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Letter to the Editor - Holiday spirit still exists in Orthodoxy

Cheer up Rabbi Londy! It’s a new year! And your article in the Rabbinic Wisdom section of The Chronicle’s annual Rosh Hashanah magazine was a real downer. It read like a bad report card.

 

You think American Jews should celebrate the holidays the way you do. The children in your family always went to services on the holidays, not to school. And after services you returned to have a family dinner at your home, never at a restaurant. 

And you believe families should make Jewish holidays more important than those secular ones, like Mother’s Day or Super Bowls Sundays, because that is what you- believe is right. Well rabbi, families are going to celebrate holidays the way they want to and trying to make them feel guilty about that doesn’t seem to work. 

You confess in the article that your knowledge of the “Orthodox world” is limited. Well, rabbi, I find that offensive. Not just for your lack of respect for the Orthodox community, but for feeling no shame in admitting it, in black and white. 

Maybe this new year you could attend a service or two in the eruv in Overland Park to fill in some of your educational gaps. There, you will witness firsthand the enthusiastic spirit that you think is lacking in American Judaism today.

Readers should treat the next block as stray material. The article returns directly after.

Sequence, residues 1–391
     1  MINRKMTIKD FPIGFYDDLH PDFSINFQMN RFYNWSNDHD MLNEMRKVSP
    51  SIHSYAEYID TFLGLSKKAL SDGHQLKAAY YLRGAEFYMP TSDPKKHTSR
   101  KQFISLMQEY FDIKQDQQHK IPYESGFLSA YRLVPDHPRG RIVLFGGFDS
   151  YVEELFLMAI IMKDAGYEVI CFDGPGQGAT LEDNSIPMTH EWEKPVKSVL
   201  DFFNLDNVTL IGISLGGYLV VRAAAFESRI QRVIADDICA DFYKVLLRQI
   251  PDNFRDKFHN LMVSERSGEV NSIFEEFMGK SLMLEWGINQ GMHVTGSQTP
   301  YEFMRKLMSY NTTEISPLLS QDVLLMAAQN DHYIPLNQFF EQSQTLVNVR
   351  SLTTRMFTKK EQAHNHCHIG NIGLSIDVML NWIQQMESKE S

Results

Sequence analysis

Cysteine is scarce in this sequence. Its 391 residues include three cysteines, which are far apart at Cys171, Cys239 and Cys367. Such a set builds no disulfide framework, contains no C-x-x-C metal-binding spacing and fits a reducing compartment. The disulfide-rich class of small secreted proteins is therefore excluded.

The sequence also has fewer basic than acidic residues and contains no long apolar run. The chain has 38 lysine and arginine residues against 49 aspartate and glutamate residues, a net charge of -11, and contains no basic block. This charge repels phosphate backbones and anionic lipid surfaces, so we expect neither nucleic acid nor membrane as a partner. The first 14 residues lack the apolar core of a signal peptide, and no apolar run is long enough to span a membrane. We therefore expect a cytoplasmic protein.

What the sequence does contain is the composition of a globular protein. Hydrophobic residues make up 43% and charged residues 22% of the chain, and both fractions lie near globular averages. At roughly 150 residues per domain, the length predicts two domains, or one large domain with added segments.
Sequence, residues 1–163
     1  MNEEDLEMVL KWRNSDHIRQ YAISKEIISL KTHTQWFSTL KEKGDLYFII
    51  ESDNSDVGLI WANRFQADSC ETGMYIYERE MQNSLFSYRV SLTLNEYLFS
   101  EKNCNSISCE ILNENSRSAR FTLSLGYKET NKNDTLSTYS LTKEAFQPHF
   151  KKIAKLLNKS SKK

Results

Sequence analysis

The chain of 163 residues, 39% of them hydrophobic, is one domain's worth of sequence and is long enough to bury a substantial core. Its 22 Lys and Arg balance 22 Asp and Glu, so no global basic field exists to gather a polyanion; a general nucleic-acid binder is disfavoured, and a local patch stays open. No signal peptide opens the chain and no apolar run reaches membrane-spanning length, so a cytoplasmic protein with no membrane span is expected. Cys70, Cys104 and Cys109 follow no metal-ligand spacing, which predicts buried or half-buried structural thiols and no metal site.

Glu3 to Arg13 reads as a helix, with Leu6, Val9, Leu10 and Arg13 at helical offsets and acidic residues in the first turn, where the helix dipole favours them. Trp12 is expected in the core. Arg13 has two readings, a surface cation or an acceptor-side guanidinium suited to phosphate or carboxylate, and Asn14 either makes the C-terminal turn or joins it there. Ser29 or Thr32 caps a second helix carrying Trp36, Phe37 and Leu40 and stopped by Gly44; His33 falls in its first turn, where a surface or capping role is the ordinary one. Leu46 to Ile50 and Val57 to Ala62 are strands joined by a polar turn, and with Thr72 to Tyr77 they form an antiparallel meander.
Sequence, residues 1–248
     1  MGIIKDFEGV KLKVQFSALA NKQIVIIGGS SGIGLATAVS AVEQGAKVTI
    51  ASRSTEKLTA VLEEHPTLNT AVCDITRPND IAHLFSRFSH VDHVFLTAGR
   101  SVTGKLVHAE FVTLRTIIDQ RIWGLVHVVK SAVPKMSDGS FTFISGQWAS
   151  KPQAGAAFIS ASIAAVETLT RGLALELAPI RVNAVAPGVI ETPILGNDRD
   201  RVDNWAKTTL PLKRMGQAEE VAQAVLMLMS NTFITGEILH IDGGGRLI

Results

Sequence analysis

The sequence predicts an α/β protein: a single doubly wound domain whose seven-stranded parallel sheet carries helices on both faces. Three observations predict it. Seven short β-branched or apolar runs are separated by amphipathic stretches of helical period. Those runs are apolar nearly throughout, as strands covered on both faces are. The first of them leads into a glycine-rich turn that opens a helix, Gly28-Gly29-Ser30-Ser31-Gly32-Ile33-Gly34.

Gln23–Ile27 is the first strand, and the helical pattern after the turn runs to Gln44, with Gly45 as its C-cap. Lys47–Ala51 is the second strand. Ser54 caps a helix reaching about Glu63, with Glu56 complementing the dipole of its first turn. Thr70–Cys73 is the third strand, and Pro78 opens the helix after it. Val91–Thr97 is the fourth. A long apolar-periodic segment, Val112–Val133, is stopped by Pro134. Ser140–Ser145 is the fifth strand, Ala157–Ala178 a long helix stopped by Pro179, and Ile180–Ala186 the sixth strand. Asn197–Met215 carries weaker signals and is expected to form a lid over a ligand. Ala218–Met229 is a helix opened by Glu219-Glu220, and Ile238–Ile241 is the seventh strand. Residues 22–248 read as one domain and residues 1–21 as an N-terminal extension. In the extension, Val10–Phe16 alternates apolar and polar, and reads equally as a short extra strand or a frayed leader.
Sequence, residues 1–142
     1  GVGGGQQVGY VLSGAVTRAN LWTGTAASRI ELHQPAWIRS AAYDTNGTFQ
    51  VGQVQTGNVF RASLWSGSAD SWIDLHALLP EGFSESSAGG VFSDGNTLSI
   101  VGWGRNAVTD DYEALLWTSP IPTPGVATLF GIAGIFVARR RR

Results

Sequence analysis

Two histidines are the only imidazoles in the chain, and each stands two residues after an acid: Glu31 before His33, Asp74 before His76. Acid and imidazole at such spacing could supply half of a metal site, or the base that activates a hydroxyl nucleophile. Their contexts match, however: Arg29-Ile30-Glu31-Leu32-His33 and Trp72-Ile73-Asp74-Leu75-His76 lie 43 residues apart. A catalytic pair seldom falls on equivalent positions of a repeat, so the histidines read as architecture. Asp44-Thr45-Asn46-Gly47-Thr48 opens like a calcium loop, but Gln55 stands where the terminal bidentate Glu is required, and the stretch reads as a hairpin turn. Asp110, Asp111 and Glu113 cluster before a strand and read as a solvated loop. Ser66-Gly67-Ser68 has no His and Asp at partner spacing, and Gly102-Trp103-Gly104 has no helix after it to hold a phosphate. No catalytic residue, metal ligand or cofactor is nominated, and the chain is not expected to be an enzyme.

And when you walk into any of these shuls, the people there will be glad to see you. They’ll make room for you to sit down. They’ll be happy to show you what book they are reading from or what page they are on.  

And when the rabbi sees you he will come over and introduce himself and shake your hand to make you feel welcome.  

And I sincerely doubt that anyone in those shuls will ask you if you kept your children home from school for the holiday or if your wife is home cooking a festive traditional meal. And do you know why they won’t ask you that? Because most people know, it’s none of their business.